“So when he sat me down one day to tell me he was a sex addict, I actually laughed – although I soon stopped when he disclosed night upon night of watching pornography for hours on end and numerous short-lived affairs.
My life fell apart.” Sex addiction hurts partners in a way that no other addiction can, says Paula Hall, who has written a book on the subject.
Couples who make it work generally take a three-pronged approach, says Hall.
“First, the addict goes into recovery on their own to work out causes and develop relapse prevention strategies.
Second, the partner has to feel stable again, as well as understanding the addiction and working out what they want the relationship to look like in the future.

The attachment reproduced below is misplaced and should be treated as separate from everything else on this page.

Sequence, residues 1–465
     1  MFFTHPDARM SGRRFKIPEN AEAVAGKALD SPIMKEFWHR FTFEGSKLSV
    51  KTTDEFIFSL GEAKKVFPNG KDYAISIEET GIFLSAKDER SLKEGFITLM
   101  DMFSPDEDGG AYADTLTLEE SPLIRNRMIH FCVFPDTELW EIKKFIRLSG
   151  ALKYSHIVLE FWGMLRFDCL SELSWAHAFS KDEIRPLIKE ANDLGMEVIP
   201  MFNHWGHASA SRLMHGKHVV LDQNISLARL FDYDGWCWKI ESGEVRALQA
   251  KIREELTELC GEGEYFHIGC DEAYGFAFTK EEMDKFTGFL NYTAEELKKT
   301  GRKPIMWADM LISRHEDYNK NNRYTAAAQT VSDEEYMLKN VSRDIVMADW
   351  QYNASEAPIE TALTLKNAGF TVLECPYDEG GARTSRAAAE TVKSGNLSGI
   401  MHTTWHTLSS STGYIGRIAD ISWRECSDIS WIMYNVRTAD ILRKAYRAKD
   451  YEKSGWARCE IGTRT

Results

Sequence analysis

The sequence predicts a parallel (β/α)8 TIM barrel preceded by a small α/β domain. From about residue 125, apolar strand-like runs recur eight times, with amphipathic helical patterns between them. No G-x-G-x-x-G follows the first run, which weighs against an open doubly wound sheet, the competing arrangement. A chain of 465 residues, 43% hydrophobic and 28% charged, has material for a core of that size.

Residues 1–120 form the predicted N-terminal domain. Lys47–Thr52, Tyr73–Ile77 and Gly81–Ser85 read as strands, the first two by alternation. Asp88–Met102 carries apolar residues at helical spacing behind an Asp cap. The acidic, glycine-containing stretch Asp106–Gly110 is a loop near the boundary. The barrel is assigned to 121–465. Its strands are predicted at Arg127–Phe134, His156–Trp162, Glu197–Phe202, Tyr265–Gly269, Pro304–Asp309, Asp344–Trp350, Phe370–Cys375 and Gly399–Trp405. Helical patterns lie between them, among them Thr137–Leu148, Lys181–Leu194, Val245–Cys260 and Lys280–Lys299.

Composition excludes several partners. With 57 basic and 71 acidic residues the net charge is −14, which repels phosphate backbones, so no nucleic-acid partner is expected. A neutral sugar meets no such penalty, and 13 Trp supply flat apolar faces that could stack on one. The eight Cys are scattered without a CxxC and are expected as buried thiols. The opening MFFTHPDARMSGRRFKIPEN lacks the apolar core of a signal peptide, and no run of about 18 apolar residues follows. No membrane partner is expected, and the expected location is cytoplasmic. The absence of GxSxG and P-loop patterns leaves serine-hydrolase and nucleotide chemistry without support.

Once they understand the nature of the addictive drive, sometimes they’re able to move into self-care.” Rosendale’s anecdotal research reveals that a third of those partners seeking help decide to stay in the relationship, while a further third leave and the final third “remain stuck”.Eight years into her marriage, Rachel started to wonder if her husband had lost interest in sex.“He’d always go to bed later than me and often made excuses when I brought it up,” explains the 41-year-old.Joy Rosendale, a sex-addiction therapist specialising in partner work, instigated the first one in the UK back in 2005, following her own experiences.“Although there is usually huge reluctance for partners to seek help, let alone come into a group, because of the privacy and shame, something happens in these groups that liberates these women – and I say women because in my experience, it is usually women who access them,” says Rosendale, who still runs the group at the Marylebone Centre, London.